Speedometry is so hot right now.

While I talk about FOIAs and textbooks all the time, I occasionally do a little bit of other research as well. Easily the most fun project I do is the Speedometry project, funded by the Mattel Children’s Foundation.

It all started a couple years ago when a USC faculty colleague of mine was chatting with her friend, who happened to work for the Foundation. They were talking about their elementary-aged boys just love Hot Wheels, and wouldn’t it be great if they could bring that love into the classroom. Two years and two grants later, and here we are.

This project has been a blast, right from the beginning. In the first year, we brought together practicing fourth grade and kindergarten teachers and worked with them to develop a couple of weeks of instruction at each grade that used Hot Wheels cars to teach kids science and math content. We then tried out our lessons in 17 classrooms scattered across a few SoCal districts (half treatment, half business-as-usual). Overall we found promising results. Kids seemed to be learning science and math, they were excited about doing science and math, and the teachers were happy and learning too. Based on the promising pilot, we got additional funds this year to roll out the units more fully, do a larger-scale study (involving random assignment of about 60 classrooms in one Southern California district), and visit key U.S. cities to spread the message about Speedometry. The data collection for the study wrapped a few months ago, and we’ll soon be getting into the analysis phase. We should have good results to share by conference season in the spring.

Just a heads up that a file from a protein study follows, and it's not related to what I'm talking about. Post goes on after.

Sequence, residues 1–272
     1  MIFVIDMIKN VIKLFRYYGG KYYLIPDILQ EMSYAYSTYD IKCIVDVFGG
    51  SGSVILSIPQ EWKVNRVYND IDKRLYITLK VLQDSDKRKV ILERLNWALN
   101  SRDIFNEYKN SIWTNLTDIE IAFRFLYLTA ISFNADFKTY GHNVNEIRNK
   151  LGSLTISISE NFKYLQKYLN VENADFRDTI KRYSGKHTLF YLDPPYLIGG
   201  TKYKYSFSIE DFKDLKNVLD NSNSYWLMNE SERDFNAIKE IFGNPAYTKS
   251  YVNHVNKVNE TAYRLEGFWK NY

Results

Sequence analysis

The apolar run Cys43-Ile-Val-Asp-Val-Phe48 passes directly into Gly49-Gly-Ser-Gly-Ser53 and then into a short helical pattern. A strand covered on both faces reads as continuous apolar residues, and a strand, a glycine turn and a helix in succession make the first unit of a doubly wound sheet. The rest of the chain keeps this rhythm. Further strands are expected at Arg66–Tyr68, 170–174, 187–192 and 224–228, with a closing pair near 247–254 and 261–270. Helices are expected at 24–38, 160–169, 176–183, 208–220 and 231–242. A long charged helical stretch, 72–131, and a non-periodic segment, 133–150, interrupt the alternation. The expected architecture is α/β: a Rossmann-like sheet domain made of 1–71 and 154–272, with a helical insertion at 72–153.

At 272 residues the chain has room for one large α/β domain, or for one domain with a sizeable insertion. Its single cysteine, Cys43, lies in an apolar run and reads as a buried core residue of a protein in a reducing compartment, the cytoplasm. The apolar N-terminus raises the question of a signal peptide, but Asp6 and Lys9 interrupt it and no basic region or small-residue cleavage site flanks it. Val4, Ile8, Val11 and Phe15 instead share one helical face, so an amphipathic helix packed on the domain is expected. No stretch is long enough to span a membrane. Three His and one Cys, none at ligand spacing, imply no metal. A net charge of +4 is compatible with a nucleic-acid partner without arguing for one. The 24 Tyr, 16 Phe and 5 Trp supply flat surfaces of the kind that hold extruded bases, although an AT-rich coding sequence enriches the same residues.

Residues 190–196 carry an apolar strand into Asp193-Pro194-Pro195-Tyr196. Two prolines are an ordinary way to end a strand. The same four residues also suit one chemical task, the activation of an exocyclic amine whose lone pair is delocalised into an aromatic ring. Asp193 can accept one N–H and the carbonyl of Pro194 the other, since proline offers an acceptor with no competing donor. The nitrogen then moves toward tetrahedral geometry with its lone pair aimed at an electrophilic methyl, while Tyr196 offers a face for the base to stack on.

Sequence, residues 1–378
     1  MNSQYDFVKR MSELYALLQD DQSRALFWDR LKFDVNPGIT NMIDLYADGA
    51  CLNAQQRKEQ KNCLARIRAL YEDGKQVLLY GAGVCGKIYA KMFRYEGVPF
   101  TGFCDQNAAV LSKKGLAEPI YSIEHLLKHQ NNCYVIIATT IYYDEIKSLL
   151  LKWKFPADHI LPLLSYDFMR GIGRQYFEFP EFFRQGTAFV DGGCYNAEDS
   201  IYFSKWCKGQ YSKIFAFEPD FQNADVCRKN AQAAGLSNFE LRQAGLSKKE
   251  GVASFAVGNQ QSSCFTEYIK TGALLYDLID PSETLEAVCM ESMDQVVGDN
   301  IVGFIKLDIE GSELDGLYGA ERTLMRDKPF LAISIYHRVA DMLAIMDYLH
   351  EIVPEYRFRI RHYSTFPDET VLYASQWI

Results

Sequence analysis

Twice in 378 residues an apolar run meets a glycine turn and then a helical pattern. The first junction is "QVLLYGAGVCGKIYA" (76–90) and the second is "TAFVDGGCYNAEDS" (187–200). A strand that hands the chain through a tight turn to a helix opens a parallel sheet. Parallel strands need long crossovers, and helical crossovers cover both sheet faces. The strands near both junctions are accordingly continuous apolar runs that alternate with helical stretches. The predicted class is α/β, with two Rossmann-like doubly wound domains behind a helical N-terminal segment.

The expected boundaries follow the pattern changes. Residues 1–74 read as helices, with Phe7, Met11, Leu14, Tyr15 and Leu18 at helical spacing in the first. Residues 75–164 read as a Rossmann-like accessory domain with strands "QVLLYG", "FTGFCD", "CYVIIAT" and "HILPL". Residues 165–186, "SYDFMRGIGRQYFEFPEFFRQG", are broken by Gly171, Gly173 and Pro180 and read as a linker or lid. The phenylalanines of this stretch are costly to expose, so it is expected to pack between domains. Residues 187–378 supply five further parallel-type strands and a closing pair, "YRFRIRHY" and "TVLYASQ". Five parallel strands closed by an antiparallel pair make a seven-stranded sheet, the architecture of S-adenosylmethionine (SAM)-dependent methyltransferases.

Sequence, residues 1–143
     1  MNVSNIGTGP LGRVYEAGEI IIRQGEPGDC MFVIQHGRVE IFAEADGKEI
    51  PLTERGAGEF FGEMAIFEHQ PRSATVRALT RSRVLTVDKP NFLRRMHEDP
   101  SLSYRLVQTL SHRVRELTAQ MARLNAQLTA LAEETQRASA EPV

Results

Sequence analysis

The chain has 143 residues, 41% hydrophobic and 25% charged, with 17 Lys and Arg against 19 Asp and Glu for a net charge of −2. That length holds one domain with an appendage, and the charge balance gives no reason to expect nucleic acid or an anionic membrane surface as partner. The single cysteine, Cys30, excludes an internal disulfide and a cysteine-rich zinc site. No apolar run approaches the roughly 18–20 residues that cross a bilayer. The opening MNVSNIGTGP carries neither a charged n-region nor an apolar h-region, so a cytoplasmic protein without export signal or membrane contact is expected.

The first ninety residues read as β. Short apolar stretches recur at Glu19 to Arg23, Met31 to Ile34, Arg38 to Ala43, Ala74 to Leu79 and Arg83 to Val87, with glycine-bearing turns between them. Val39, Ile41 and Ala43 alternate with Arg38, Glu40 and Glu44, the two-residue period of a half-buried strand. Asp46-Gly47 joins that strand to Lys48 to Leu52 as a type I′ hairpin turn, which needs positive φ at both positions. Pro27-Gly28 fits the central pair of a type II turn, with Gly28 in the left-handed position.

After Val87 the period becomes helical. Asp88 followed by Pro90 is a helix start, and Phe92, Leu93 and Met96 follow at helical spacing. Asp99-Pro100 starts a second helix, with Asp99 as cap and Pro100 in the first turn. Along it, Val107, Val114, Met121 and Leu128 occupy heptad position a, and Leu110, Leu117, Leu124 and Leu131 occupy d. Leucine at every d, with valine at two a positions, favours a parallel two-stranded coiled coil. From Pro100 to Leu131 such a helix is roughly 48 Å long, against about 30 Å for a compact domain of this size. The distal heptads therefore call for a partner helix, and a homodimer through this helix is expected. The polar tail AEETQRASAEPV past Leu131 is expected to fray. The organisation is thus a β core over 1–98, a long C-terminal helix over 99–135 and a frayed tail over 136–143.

The study has been really fun and a total diversion for me. There are many things the project has taught or reinforced to me (some pithy, some not):

1) Science is not a major part of the typical elementary curriculum. At most it gets a few hours a week in a typical classroom.

2) A corollary of #1: it’s often necessary (or at least beneficial) to integrate science with math and/or ELA in order to get it taught.

3) There’s *tremendous* variation in 1 and 2 across classrooms and districts.

4) Elementary teachers often are not especially strong in science, though there are of course exceptions.

5) Teachers in many districts haven’t received new materials in a long time. Even the simple offer of giving teachers the Speedometry kits is greeted as tremendous generosity.

6) Teachers are both nervous and excited about the idea of giving students a bit more control over lessons. Many of them claim they haven’t had the opportunity to relinquish control to students in quite a while, but that this is changing due to recent standards.

7) Virtually everyone I’ve encountered in schools is incredibly gracious for what we’ve done (which, to my mind, is not especially ambitious). Many teachers evidently feel quite unsupported.

8) Corporations and academics speak very different languages, though the general existence of dreadful buzzwords is quite ubiquitous in both areas.

8) Corporations often operate on very fast schedules that academics do not.

10) Teaching fourth grades is both fun and terrifying, especially relative to teaching doctoral students.

11) Dedicated PR firms can do amazing things. They seem to be very clearly be worth their cost (though I actually don’t know what the cost is).

I’m sure I’ll keep learning more. But for now, I’m hoping this work can serve as a model for other partnerships designed to improve education for kids. In the meantime, we’ll be crunching the data from our big experiment, and we’ll get back to you with results soon!


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